A Little While Ago vs. Right Now

My earlier posts on vintage British sports cars generated quite a bit of discussion (here and here).  So I thought I’d bring the post topic up to date somewhat, to review what’s been happening recently.

First a little history.  This, of course, is the E-Type we all know and love (from 1966):


Next, the Jaguar XK, which was discontinued in 2015:


Personally, I think this was the most beautiful Jag made since the X220.  Then, in a fit of stupidity idiocy foolishness mental retardation lunacy brilliance, Jaguar replaced the above with the “F-Type”:


Personally, I fucking hate the F-Type:  it’s ugly, brutish and classless, with all the modern doodads which supposedly appeal to the sports car buyer of today:  massive front grille, show-off brake calipers and totally superfluous air scoops with black accents.

So we went from sleek and sexy to fugly in 50 years.  I think they call that “progress”.  No prizes for guessing what I think it is.


  1. When I bought my last car, (this year), I looked long and hard at the Jaguar showroom, (at the bottom of my road), I thought about the F type and the F pace quite a lot and then bought a Ford Edge.
    The Edge is as good as the F pace if not better. The F type seems to be what an advertising man thinks a sport car is. (I have my beady eyes on a 5 litre Mustang.
    I know you told me not to do it but if you’re a 66 year old adolescent, you’re motivated by a power beyond our ken.

  2. Sniff. That first photo looks exactly like the 1964 E type I owned in the 1980’s. Spent 7 years restoring it to near showroom condition (frequent travels to UK made parts easy to get), drove it for a while then sold it in a fit of distraction.

    Being 6′ tall with some bulk kept hitting the roof, which made it a tad uncomfortable at times, but boy was it a joy to aim down the highway and back roads. Straight 6 3.8 L with 3 SU carbs and decent compression (required high test). Should have put the ’69 sling seats in it to gain headroom, but who knew back then.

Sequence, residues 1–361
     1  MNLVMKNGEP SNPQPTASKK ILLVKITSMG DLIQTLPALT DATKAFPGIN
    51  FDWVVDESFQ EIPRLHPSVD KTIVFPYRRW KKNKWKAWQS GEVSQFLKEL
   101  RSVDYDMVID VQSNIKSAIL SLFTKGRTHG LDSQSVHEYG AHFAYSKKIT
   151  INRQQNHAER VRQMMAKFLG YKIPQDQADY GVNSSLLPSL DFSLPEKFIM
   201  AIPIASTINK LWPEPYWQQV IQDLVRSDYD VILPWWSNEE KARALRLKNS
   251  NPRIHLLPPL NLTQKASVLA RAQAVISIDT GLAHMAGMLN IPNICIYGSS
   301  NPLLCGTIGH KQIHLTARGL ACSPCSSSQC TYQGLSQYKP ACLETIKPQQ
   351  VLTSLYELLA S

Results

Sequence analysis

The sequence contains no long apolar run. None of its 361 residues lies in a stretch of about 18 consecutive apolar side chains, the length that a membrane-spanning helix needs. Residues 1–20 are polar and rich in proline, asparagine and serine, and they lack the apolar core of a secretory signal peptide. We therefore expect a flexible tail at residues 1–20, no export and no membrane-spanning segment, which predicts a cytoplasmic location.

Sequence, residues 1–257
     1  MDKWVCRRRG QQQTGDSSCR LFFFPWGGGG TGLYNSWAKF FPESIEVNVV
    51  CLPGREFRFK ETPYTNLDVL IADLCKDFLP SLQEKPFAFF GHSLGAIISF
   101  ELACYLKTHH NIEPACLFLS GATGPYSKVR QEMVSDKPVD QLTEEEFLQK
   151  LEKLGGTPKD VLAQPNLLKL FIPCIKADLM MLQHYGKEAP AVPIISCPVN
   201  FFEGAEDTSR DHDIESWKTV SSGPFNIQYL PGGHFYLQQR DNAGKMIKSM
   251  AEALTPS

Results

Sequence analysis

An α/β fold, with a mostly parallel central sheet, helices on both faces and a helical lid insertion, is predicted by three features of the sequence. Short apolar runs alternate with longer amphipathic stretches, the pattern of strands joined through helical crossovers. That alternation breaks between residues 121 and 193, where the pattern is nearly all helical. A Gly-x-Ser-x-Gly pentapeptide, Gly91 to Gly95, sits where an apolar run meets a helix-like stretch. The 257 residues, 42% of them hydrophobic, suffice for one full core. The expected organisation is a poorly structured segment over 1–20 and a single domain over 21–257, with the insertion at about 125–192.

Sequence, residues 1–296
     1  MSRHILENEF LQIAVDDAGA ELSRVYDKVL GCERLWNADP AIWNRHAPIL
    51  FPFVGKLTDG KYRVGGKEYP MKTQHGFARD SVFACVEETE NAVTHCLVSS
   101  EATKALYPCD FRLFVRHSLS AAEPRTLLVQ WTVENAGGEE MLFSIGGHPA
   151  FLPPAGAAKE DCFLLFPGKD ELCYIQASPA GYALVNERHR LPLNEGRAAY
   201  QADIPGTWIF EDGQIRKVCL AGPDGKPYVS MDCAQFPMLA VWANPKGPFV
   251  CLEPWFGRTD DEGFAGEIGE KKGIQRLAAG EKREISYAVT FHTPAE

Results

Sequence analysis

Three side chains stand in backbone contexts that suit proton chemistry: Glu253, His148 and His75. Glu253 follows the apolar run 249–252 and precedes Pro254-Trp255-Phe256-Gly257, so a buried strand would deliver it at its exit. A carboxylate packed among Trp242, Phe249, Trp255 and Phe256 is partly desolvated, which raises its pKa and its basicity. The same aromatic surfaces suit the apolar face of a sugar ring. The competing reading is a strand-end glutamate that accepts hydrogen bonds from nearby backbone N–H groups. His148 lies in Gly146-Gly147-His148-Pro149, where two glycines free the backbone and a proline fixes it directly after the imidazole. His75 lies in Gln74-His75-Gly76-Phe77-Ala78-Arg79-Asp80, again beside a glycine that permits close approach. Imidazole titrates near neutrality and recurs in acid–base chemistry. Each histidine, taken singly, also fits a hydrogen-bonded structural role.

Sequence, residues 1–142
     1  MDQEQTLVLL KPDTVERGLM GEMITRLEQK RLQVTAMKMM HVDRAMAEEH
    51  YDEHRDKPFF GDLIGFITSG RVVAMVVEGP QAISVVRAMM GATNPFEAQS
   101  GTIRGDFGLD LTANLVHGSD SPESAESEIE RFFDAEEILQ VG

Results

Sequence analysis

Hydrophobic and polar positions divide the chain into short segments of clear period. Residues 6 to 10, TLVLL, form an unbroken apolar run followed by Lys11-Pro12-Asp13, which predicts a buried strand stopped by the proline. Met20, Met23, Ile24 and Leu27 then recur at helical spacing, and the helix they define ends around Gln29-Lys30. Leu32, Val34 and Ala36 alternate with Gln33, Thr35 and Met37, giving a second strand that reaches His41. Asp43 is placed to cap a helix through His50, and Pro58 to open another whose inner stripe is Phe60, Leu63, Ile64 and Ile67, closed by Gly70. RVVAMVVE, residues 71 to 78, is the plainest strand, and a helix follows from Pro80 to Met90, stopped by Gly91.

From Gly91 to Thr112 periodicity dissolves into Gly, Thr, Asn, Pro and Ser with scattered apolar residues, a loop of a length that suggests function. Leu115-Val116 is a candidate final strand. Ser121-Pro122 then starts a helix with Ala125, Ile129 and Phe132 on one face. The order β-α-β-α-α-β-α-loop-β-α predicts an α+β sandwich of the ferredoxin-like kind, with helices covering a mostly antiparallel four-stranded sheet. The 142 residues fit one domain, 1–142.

Don’t think I could climb in and out of one now. Guess I had an early midlife car crisis and did not know it.

  3. I have a soft spot in my heart for the old Jags. Having been born in 1963, by the time I was old enough to know what a car WAS I had toy e-types in sizes ranging from Matchbox up to a wired remote controlled one that in my memory was about three feet long (but in reality 21″ long, I just found one on ebay). That of course was the XKE.

    Big Fella: Go ahead, buy the Mustang. I drove mine from brand-new in 1989 until 2016 when I lost it to an accident, and the only way to have more fun in a car is in the back seat of a MUCH larger car with an enthusiastically willing partner and absence of clothing.

  4. Jaguar has a long history of starting out with a simple, beautiful design and develop that simple beautiful design into lumpy, overweight bloated caricatures of the original.
    Example 1, XK 120, coupe or roadster, graceful, stylish and just plain beautiful. Morphs to the XK 140, heavier, longer, fatter. Morphs to the XK150, even fatter, more bloated an no longer beautiful.
    Example 2, E type, coupe or roadster, starts out slim, lith, incredibly beautiful. Lost the faired in headlights, got a larger grill opening. Morphs to the 2+2 and the V12, more chrome, more fat, bloated and no longer beautiful.